Pakistan, by contrast, has largely benefited from the elimination of quantitative restrictions. TC exports during the first four months of 2005 reached a record level and underwent average monthly growth of 22.1 per cent when compared with the same period in 2004.
According to the study, China is reinforcing its penetration of the major TC markets. As anticipated in most of the post-quota scenarios, employment in the United States and European Union (EU) TC industry fell at the end of 2004 and during the first months of 2005, declining by 6.5 per cent between May 2004 and May 2005 in the United States and by 5 per cent between February 2004 and February 2005 in the 25 member States of the EU.
While most Asian countries seem to be on the winners' side, Africa and Latin America are the continents most affected by the end of quotas. During the first three months of 2005, TC exports to the United States under the terms of the African Growth and Opportunity Act (AGOA) fell by 25 per cent compared to the same period in 2004. Of the 39,000 jobs generated by the TC industry in Kenya, some 6,000 have disappeared since October 2004 and half of all TC employment is estimated to be at risk.
With increased competition from Asia, most Latin American TC producers have also lost market share in the recent past. The study cites Mexico which has failed to compete efficiently and lost much of the revenue once generated by its TC industry.
Promoting fair globalization in the TC sector
The ILO tripartite meeting will examine various innovative approaches in a number of countries and TC enterprises, including the Cambodian experience, in their search for improved competitiveness. The experiences are expected to provide useful material for debate and discussion, with the aim of elaborating a global strategy to promote fair globalization in the TC sector.
In 2002, the ILO and the Government of Morocco launched a Decent Work Pilot Program focusing on the TC sector. The action plan has two components: the first relates to the improvement of social dialogue at enterprise and industry level; the second focuses on measures to boost competitiveness through enhancing the quality of employment.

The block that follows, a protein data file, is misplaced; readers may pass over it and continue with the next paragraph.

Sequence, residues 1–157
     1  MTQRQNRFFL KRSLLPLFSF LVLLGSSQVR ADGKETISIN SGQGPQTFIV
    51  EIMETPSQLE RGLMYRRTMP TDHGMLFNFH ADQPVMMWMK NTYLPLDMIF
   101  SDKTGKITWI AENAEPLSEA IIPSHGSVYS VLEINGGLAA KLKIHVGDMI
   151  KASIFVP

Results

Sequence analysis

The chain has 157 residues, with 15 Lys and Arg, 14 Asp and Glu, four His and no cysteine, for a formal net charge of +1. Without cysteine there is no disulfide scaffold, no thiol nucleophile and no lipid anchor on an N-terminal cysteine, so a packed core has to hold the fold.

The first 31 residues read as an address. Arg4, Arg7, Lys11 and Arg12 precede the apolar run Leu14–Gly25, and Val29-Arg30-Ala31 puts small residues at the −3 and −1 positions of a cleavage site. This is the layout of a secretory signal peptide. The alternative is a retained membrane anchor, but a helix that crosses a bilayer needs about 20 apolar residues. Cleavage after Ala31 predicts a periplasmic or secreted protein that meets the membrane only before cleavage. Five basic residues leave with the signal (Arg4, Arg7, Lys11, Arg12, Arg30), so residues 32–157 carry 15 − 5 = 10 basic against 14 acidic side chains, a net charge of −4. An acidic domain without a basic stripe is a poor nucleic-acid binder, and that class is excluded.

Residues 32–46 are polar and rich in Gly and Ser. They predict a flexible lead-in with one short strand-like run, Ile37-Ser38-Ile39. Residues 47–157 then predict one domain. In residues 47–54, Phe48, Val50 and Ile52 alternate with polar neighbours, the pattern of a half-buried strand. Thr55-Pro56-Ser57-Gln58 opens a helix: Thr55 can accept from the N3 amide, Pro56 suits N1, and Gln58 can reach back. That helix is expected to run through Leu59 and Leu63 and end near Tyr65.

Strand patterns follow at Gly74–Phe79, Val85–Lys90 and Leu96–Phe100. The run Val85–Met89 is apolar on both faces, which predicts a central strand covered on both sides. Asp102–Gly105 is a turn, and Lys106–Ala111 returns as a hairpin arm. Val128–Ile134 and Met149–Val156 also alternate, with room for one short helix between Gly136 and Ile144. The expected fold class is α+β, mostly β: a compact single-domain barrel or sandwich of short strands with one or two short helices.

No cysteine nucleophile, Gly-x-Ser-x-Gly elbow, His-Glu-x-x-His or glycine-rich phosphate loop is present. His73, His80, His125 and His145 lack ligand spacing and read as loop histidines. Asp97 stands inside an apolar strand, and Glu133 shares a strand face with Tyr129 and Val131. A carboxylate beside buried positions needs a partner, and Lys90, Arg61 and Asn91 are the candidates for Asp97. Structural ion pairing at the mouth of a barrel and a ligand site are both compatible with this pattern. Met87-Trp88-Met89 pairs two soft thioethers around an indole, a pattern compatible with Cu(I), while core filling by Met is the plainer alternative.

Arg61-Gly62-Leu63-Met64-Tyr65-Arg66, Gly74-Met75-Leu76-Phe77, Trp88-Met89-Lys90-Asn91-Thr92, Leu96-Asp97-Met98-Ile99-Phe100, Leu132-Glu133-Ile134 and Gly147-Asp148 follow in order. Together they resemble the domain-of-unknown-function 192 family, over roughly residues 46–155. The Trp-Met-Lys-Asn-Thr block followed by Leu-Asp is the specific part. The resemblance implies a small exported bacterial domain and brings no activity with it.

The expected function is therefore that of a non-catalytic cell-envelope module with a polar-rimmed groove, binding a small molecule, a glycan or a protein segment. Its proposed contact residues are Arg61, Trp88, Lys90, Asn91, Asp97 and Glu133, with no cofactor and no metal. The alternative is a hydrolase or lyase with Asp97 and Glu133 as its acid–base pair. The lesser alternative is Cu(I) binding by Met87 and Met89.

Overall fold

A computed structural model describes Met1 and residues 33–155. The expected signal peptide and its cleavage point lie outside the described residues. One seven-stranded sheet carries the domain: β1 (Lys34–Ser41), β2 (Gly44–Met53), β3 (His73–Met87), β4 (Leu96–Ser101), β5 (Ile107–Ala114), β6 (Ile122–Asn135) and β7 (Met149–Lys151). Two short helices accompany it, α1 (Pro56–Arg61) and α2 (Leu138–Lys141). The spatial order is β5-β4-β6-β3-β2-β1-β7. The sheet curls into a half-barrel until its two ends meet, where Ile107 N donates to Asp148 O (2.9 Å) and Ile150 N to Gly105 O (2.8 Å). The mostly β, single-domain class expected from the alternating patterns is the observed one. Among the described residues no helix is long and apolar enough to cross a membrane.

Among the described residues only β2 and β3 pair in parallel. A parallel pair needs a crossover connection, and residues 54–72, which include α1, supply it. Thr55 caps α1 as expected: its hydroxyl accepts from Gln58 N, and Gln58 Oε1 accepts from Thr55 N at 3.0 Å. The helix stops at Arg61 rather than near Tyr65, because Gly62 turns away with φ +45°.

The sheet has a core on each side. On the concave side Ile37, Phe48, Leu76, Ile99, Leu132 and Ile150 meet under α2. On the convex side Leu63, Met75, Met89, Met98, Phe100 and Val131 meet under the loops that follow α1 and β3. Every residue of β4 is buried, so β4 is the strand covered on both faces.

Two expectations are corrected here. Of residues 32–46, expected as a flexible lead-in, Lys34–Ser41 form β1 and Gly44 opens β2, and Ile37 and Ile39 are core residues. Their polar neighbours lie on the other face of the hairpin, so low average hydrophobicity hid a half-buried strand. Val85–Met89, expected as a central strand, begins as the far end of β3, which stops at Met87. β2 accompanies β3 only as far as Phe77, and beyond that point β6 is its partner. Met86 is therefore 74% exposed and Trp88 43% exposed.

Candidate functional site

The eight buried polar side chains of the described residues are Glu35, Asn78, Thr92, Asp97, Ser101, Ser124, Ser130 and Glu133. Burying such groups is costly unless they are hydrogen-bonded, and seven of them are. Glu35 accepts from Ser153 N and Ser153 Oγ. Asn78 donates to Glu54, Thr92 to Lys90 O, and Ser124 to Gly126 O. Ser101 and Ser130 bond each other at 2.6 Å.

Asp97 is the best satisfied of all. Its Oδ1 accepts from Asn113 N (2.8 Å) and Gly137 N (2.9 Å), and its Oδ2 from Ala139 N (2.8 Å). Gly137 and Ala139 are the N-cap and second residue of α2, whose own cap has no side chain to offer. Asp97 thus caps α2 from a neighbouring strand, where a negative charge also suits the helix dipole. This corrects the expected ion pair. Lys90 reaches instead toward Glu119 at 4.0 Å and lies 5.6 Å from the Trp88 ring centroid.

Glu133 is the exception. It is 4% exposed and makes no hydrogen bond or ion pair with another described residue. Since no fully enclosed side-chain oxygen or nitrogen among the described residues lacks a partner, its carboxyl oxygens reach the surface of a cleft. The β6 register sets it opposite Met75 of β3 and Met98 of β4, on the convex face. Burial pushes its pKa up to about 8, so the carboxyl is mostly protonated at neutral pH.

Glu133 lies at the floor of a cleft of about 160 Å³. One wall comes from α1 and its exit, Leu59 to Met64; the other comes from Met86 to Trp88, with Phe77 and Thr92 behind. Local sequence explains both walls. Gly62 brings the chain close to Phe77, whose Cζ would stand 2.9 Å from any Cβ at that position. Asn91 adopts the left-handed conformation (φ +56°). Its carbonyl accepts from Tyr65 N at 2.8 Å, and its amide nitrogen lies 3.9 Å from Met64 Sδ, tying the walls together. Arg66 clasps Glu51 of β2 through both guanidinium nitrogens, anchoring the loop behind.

"It is our strong conviction that industry restructuring and upgrading must be based on strengthening the social dimension, which has to be promoted in an integrated way, coordinating it with the economic dimension… it is with men and women that we intend to give the industry a new face", explains Salah-Eddine Mezouar, former President of the Moroccan Textile and Apparel Manufacturers Association, Minister of Industry and Economic Upgrading.
The ILO has implemented similar programmes in Romania and the Philippines. In Madagascar, a project launched in 2004 uses a similar approach to improve the productivity of export-processing zones through decent work promotion.
In their search for improved competitiveness, a number of countries and TC enterprises have developed innovative integrated approaches.
Sally Paxton notes that, "As global competition increases, countries need to find ways to keep and develop their markets. Working with the ILO, Cambodia has elected a holistic strategy through improving working conditions and compliance with labour standards, increasing productivity and promoting dialogue. This strategy has proven to be the country's key to competitiveness. Cambodia's success in attracting international buyers and increased orders has provided an example of how compliance with labour standards is good for business".
"The experience of Cambodia is one example of a successful strategy, the underlying principles of which could provide inspiration for the elaboration of a global strategy to promote fair globalization in the post-MFA environment", she concludes.
Note 1 - Promoting fair globalization in textiles and clothing in a post-MFA environment. Report for discussion at the Tripartite Meeting on Promoting Fair Globalization in Textiles and Clothing in a Post-MFA Environment, International Labour Office, Geneva, 2005. ISBN 92-2-117495-6 (print). ISBN 92-2-117496-4 (web pdf).